World Hindu Congress 2014 will be organised in New Delhi from November 21-23, 2014


An Instrument for Organizing the Global Hindu Community

At the end of World War II, the world witnessed the rapid emergence of newly independent
countries unshackling themselves from the clutches of weakening colonial powers. Bharat was
in the forefront of countries in obtaining independence to chart its own destiny. Hindus in Bharat
as well as those throughout the world saw these changes and the opportunities that arose with
great expectations.

Bharat finally obtained its independence on August 15, 1947, although this independence came
after a painful and horrific partition of Hindus’ historic and spiritual homeland. During the
violent cataclysmic event of the partition of the historic land, the world witnessed one of the
largest migrations and mass slaughter of people ever seen in recorded history, with the Hindus
bearing the brunt of the killing and forcible displacement. The overwhelmingly majority of the
Hindu population was driven out of West and East Pakistan (now Bangladesh).

It was through this ultimate ordeal under which Hindus finally obtained their independence
after one thousand years of brutal occupation by hostile, genocidal, non-Hindu forces. After
partition, Hindus of an independent Bharat and those Hindus residing outside Bharat hoped to
build their future. Hindus had suffered humiliation and impoverishment for a thousand years of
hostile anti-Hindu rulers, but had survived. Hence, with great expectations and possessed with
tremendous potential, Hindus looked to the future.

However, even in an independent Bharat, Hindu interests were compromised due to various
factors. Along with the problems the Hindus have to deal within Bharat, Hindus all over the
world are facing serious threats to their right to exist. Problems were particularly acute in
Pakistan and Bangladesh, where Hindus suffer numerous instances of mass genocide, forcible
displacement and conversion. Hindus living in other parts of the world such as the Caribbean,
Africa, Sri Lanka, Malaysia, Indonesia, Fiji etc were facing discrimination and humiliation
largely on account of their Hindu identity. There was neither a government nor an organization
world wide to effectively look after the interests of Hindus.
It was in the context of this background, Hindus from different backgrounds had decided to form
an organization to strengthen Hindu society throughout the world. Prominent and respected
Hindu leaders such as Swami Chinmayanand Saraswati, Shri M. S. Golwalkar, and Shri Shivram
Shankar Apte, undertook the initiative supported by Sardar Master Tara Singh, Jain Muni Sushil
Kumar and Rinpoche Kushok Bakula called an unprecedented meeting of social, spiritual,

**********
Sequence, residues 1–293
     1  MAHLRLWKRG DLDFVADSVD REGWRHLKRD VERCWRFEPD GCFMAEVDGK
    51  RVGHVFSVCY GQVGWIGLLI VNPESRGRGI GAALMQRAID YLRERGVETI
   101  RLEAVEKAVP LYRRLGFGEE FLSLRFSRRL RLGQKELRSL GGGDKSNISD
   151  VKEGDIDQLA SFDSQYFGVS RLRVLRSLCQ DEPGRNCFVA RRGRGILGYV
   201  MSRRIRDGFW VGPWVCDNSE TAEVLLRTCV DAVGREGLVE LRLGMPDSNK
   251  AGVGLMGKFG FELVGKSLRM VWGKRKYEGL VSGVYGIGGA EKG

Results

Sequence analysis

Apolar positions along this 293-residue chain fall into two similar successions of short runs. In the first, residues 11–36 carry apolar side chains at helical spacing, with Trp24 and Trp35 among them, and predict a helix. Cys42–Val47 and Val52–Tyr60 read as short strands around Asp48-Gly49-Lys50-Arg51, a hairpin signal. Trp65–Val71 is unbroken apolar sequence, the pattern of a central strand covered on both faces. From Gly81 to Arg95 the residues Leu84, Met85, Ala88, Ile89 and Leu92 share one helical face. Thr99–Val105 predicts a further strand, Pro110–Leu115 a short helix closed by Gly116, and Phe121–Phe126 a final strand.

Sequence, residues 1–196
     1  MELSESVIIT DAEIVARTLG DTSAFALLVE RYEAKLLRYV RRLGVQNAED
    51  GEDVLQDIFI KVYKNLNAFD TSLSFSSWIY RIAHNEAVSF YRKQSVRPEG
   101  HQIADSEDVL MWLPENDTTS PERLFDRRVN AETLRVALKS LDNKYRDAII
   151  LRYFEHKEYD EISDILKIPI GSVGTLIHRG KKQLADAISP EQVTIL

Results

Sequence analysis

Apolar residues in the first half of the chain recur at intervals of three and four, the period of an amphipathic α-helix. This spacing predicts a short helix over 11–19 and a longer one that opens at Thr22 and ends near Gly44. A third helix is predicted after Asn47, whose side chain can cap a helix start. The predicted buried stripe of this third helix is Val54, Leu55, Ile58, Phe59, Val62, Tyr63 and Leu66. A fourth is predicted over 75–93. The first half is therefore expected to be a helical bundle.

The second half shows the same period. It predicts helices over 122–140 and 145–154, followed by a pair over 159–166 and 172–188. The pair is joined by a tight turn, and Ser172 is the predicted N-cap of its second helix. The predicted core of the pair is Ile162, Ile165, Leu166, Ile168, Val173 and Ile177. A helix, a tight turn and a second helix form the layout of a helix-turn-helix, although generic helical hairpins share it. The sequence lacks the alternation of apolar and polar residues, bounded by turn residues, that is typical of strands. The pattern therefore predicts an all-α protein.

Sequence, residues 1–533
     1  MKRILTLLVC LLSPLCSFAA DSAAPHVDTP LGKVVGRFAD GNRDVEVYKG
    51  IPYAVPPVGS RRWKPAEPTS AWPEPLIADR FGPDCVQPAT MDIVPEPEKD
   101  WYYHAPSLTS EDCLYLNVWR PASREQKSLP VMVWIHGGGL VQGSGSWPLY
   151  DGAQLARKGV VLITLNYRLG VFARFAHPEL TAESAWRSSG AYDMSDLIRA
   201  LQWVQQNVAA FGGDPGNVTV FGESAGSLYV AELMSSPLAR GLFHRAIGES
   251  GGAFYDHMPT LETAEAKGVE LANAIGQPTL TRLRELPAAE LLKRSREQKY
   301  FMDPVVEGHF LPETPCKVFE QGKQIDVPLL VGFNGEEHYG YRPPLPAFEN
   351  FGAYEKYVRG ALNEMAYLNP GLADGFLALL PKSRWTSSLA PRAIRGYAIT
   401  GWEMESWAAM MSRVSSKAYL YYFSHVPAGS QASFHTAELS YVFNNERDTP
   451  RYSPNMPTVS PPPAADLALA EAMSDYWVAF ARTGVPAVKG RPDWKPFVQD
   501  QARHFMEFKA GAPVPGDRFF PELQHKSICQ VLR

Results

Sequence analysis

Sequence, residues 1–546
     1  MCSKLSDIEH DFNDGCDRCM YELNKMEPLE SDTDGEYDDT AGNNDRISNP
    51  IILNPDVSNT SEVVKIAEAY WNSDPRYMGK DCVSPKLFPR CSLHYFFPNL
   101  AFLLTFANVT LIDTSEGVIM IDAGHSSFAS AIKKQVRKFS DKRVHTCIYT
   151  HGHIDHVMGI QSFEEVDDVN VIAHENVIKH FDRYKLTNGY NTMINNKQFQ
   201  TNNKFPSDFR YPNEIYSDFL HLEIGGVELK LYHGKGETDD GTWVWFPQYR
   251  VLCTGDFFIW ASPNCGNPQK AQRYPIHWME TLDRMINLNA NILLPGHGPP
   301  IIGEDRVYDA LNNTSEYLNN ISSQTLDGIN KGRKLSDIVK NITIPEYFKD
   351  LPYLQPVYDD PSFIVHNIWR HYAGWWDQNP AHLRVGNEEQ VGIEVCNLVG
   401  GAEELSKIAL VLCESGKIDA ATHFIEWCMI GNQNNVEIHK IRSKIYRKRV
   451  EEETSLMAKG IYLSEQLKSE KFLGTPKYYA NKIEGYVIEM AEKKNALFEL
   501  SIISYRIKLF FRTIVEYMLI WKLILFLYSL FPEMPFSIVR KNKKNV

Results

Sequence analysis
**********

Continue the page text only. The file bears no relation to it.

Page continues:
cultural and political Hindu leaders and chiefs of many different sections (sampradayas) of
Hindu society such as, but not limited to, Shaiva, Vaishnava, Veera Shaiva, Jain, Buddhist, Sikh,
Arya Samaj, and others at the Sandeepani Sadhanalaya, Powai, Mumbai.
Over forty important Hindu spiritual and civic leaders took part in this meeting and held lengthy
deliberations and discussions to formulate a way forward. Several ideas were put forth. The
assembled leaders finally formed the Vishva Hindu Parishad (VHP) on the day of Krishna
Janmashtami (which commemorates the birth of Bhagwan Krishna), on August 29, 1964.

Over the past 49 years, VHP has served Hindu society with great effort by bringing together
Dharmacharyas of all Sampradayas of Hindu Dharma. It has also started a wide range of service
and education projects to serve the less fortunate members of Hindu society.
VHP has played an instrumental role in restoring pride among Hindus about their glorious
heritage and made efforts to unify Hindus across many different lines. The most prominent
example of VHP’s contribution to the Hindu Resurgence was during Sri Ramajanmabhumi
movement, which was the monumental agitation by Hindus demanding the restoration of the
holy site of the birthplace of Bhagwan Rama to Hindu society.
The VHP has been extraordinarily successful in its chosen mission and continues to serve the
Hindu society through seva, and provides a platform for Dharmacharyas to come together.
Major shifts have taken place in the world economy since the late 1960s. There is a market
driven world order and Hindus have kept up with the times by taking advantages of the new
avenues of movement and economic opportunities. Along with the economic opportunities,
Hindus are facing numerous challenges especially in the form of human rights violations, active